ss1_fs
Hop seedlings emerge in the greenhouse in preparation of planting a new hop yard.
ss2_fs
Another method of planting a new hop yard – the hop rhizome.
ss3_fs
New growth emerges from the ground in the spring and starts to climb skyward.
ss4_fs
Hops climb ever-higher in a clockwise spiral motion up the twine.
ss5_fs
A hop yard strung with coir yarn to accommodate the fast growing hop vines.
ss6_fs
Hops climbing toward the top of the eighteen-foot tall trellis system.
ss7_fs
As the hops reach the top, they produce lateral shoots that produce hop flowers.
ss8_fs
A hop yard that has topped out, developed laterals, and is filling in with full growth.
ss9_fs
Clusters of hop cones develop in the hop yard and start to gain size and weight.
ss10_fs
A photo of the ever-amazing hop cone. Full of flavor and aroma.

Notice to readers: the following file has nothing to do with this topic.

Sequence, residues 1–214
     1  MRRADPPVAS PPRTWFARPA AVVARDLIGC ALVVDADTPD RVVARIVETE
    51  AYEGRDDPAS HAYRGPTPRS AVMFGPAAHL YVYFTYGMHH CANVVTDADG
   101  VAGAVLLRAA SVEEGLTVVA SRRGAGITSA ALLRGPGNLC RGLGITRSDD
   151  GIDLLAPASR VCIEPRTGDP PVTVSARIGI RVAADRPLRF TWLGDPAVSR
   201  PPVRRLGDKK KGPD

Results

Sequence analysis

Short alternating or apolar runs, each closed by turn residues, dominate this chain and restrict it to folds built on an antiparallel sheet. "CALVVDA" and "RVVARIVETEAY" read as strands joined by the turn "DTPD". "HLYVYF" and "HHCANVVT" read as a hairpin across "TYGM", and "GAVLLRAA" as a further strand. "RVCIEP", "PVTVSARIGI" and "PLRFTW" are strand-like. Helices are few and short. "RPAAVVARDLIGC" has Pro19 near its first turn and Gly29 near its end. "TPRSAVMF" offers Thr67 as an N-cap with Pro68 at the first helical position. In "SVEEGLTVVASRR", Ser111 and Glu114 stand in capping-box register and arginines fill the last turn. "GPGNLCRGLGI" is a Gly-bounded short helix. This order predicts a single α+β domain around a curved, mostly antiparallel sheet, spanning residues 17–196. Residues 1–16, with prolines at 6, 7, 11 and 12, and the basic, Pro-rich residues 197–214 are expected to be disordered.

ss11_fs
A mobile harvester in the field ready to start the annual harvest season.
ss12_fs
The harvester moves through the hop yard gently removing the vines from the trellis.
ss13_fs
A view from the operator’s seat of the mobile harvesting unit.
ss14_fs
The hop cones are separated from the leaf and vine material in the cleaning station, leaving only the hop cones.
ss15_fs
Hop cones are laid in to heated hop kilns where they are carefully dried.
ss16_fs
Dried and cooled hop cones are packaged in to bales weighing two-hundred pounds each.